In a tragic turn, victim was murdered just over five years after his cousin was shot dead by a far-right gunman.
Rome, Italy – As Italians woke up to election results on Monday, 54-year-old Idy Diene left his home in the town of Pontedera and headed into Florence.
The 54-year-old migrated to Italy from Senegal 20 years ago, and eked out a living by selling accessories to passersby and tourists.
Diene was selling his merchandise on the city’s Vespucci bridge when he was shot six times by Roberto Pirrone, a 65-year-old, unemployed, white Italian citizen who later told police he had intended to commit suicide.
When he found himself unable to shoot himself, he said he fired on a random target. He was depressed and wanted to spend the rest of his life in prison, investigators told local media.
Police have ruled out a racist motive for the killing, but the Senegalese and Muslim communities are not convinced. They say the recent election stoked anti-migrant sentiment and believe Diene could have been targeted because he was black.
His death has reopened old wounds.
In December 2011, Gianluca Casseri, an author linked to a far-right group, killed his cousin, Samb Modou, and another Senegalese citizen at the market where they worked.
In the years since, Diene took care of Modou’s daughter and his widow, Rokhaya Mbengue. Diene and Mbengue later married.
She has now been widowed twice.
“No ties have emerged with political groups, certainly not right-wing or racist. [Pirrone] was a firearm collector, and we found some memorabilia from the former Soviet Union at his home,” Giuseppe Creazzo, Florence’s chief prosecutor, told reporters.
Mamadou Sall, member of Senegalese association in Florence
After a rally calling for justice on Monday, Dario Nardella, the city’s mayor, tweeted, “The grief the Senegalese community is going through is understandable.”
Some angry demonstrators had kicked over rubbish bins in the city centre.
“Whoever uses violence, wherever they are from, should face justice,” the mayor said.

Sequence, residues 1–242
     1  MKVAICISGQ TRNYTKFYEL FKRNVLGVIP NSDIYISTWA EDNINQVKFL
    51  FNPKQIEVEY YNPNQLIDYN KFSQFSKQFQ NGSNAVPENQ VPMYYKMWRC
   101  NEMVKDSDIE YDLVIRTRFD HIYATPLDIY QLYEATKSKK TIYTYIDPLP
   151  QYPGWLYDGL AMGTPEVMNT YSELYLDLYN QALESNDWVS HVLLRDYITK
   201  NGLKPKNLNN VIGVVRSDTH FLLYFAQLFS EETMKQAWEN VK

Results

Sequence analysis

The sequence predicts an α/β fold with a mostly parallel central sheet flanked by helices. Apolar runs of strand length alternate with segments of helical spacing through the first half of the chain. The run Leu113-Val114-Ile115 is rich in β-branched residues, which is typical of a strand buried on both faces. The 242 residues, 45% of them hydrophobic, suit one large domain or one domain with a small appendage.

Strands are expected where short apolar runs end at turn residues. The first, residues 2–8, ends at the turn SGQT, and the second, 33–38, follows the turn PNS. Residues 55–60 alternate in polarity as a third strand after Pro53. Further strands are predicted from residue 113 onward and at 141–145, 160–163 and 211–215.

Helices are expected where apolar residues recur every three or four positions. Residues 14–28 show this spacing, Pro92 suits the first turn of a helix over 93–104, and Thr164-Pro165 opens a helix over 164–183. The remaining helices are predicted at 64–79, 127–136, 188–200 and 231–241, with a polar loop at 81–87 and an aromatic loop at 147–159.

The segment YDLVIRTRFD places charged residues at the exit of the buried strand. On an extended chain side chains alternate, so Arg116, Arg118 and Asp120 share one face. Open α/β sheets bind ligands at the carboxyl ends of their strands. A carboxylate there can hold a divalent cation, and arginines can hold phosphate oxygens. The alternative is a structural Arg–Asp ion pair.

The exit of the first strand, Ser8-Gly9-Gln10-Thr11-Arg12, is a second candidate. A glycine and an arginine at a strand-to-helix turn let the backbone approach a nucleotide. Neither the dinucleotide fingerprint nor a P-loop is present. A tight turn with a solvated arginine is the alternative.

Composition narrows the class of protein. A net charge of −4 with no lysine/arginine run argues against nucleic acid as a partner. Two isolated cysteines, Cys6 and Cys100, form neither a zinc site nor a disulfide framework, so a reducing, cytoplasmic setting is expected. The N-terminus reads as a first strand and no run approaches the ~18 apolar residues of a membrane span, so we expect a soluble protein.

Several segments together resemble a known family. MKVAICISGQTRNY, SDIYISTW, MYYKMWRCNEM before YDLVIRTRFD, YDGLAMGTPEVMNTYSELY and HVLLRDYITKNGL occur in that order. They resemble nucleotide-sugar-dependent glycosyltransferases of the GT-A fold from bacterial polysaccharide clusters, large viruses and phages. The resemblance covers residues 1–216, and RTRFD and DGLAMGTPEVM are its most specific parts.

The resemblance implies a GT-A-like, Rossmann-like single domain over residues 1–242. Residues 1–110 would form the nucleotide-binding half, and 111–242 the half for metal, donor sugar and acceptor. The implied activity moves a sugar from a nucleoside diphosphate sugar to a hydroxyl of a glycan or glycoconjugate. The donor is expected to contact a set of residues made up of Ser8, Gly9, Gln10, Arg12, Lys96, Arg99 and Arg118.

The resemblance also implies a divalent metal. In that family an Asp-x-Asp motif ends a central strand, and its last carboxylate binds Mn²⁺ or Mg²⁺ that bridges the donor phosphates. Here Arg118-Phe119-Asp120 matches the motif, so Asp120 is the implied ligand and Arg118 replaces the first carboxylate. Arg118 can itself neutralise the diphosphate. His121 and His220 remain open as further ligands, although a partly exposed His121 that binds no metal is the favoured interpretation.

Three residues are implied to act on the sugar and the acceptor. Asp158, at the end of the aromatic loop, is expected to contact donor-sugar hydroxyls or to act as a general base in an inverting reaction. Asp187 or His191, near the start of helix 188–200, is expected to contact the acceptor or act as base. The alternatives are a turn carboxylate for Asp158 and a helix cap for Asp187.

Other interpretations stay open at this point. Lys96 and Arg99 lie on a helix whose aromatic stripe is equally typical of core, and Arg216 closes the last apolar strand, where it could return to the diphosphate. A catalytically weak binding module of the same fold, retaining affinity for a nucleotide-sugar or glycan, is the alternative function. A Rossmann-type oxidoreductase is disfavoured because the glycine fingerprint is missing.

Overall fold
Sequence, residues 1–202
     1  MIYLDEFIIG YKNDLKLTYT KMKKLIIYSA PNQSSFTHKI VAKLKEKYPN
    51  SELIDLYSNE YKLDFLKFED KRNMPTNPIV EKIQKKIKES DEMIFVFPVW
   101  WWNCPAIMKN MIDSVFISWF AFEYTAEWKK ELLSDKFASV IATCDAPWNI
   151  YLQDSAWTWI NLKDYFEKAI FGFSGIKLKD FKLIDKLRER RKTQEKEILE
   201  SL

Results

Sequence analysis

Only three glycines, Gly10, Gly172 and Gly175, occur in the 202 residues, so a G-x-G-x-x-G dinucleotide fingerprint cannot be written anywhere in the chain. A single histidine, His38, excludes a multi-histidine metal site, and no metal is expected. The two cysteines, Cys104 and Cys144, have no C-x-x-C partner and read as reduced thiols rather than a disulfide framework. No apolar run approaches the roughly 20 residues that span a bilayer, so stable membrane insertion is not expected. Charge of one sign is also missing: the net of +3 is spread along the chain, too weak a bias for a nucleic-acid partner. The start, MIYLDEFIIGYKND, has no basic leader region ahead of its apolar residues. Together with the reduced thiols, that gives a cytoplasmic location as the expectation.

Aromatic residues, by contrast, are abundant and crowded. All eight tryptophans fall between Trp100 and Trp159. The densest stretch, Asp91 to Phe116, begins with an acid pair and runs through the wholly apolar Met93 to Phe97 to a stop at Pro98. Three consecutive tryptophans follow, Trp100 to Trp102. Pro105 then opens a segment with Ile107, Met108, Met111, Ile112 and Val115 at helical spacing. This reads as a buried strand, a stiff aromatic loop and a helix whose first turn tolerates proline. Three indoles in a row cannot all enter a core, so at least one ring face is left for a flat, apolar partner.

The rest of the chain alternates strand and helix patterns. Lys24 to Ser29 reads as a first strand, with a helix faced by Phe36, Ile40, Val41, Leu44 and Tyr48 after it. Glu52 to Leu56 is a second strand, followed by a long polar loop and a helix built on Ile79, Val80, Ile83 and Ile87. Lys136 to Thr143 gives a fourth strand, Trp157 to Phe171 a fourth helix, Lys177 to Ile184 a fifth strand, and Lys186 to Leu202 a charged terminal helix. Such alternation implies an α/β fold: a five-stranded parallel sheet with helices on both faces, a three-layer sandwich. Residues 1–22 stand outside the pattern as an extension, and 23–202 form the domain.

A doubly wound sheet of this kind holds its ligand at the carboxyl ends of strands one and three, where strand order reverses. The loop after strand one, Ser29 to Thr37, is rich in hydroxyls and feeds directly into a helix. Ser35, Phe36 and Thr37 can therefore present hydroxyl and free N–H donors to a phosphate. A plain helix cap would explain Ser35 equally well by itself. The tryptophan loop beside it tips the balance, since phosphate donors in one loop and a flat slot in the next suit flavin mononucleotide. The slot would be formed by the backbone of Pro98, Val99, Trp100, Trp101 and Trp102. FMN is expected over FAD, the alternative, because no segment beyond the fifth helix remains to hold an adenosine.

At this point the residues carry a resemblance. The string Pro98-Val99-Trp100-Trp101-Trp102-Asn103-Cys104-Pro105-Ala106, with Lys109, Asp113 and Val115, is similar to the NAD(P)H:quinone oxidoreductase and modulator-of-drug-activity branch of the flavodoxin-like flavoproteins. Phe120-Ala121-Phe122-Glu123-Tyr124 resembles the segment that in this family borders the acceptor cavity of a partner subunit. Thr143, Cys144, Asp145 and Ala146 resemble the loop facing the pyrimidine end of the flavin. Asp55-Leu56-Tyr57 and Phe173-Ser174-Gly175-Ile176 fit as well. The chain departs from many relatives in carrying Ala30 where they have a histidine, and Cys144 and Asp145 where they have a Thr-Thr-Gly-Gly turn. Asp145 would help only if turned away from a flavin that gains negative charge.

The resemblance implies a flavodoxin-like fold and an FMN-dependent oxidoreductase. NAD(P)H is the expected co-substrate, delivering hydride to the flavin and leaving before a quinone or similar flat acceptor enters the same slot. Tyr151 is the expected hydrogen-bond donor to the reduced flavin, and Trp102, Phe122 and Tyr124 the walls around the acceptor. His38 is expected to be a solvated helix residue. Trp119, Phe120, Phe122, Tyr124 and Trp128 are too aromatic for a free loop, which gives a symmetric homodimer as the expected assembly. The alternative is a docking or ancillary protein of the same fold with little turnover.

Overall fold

“We condemn this behaviour,” said Mamadou Sall, a member of the Senegalese association in Florence which had invited the mayor, referring to the bins being knocked down.
“On the other hand, we can’t believe that another, fellow Senegalese was killed, randomly. Every time by a crazy man. We are tired. When we leave home, we don’t know if we’ll come back. Security should be for everyone, including foreign citizens,” he told Al Jazeera.
“It’s not the first time, and this makes us stop and think. Is it just that they are crazy, or is there racism behind it? [Diene] was shot by six bullets, not a flying one.
“We’ve seen an electoral campaign based on hatred, racism and verbal violence; now we have seen the action. This is one of the reasons people are angry. This man left the house to commit suicide, and ended up killing a black man instead.”
Election campaign marred by racism
Izzeddin Elzir, the imam at the mosque Idy used to attend in Florence, and leader of the Union of Islamic Communities in Italy (UCOII), called for politicians to exercise care in their campaign rhetoric.
“What we know for certain is that there were several people on the bridge, but [Pirrone] killed a black man,” Elzir, who is originally from Hebron in the West Bank, told Al Jazeera.
“Ours is an open-minded city, there is a dialogue. Italy is not a racist country. But, unfortunately, in the past two months of electoral campaigning, the political climate has been unhealthy, against [migrants], against whoever is different. When politicians don’t use words responsibly, we know that words can be worse than bullets.”
One month ago, far-right gunman Luca Traini attacked a group of African migrants in a drive-by shooting in the central town of Macerata, wounding six. At the time of his arrest, he was draped in an Italian flag and greeted officers with a straight-armed fascist salute.
Traini had links to self-described neo-fascist groups and had run in a local election as a candidate for the right-wing League party, which is headed by far-right politician Matteo Salvini, getting no votes.
‘We consider this our country now’
Amnesty International, which monitored hate speech during the campaign, said migrants have been the top target, and named Salvini – who has previously claimed that Islam is “incompatible” with Italian values – as the main culprit.
Diene’s killing came amid repeated attacks on an Islamic cultural centre in Padova between March 4 and 5.
Police apprehended the suspect, a 57-year-old local, whom media said had no links to political groups.
His motive, reports said, was an argument with one of the community members.
“[The suspect] says it’s an act of revenge, that he had an argument with a neighbour,” said Ahmed Raudi, head of the “La Saggezza” (Wisdom) cultural association. “But I have friends living in that area, and no one seems to have had an issue with him.”
Raudi told Al Jazeera that during the 2015 regional elections, someone had tried to break the centre’s windows.
He explained, however, that the majority of people “understand we are well integrated and that we are not far from Italians in terms of mindset.
“I have been here for 20 years, my children grew up here and I have many friends like that. We consider this our country now.”
The National Office Against Racial Discrimination (UNAR, a government body) recorded 2,652 discrimination incidents in 2016, 69 percent of which were ethnically or racially-motivated.
A national anti-racism demonstration has been announced for March 10 in Florence.
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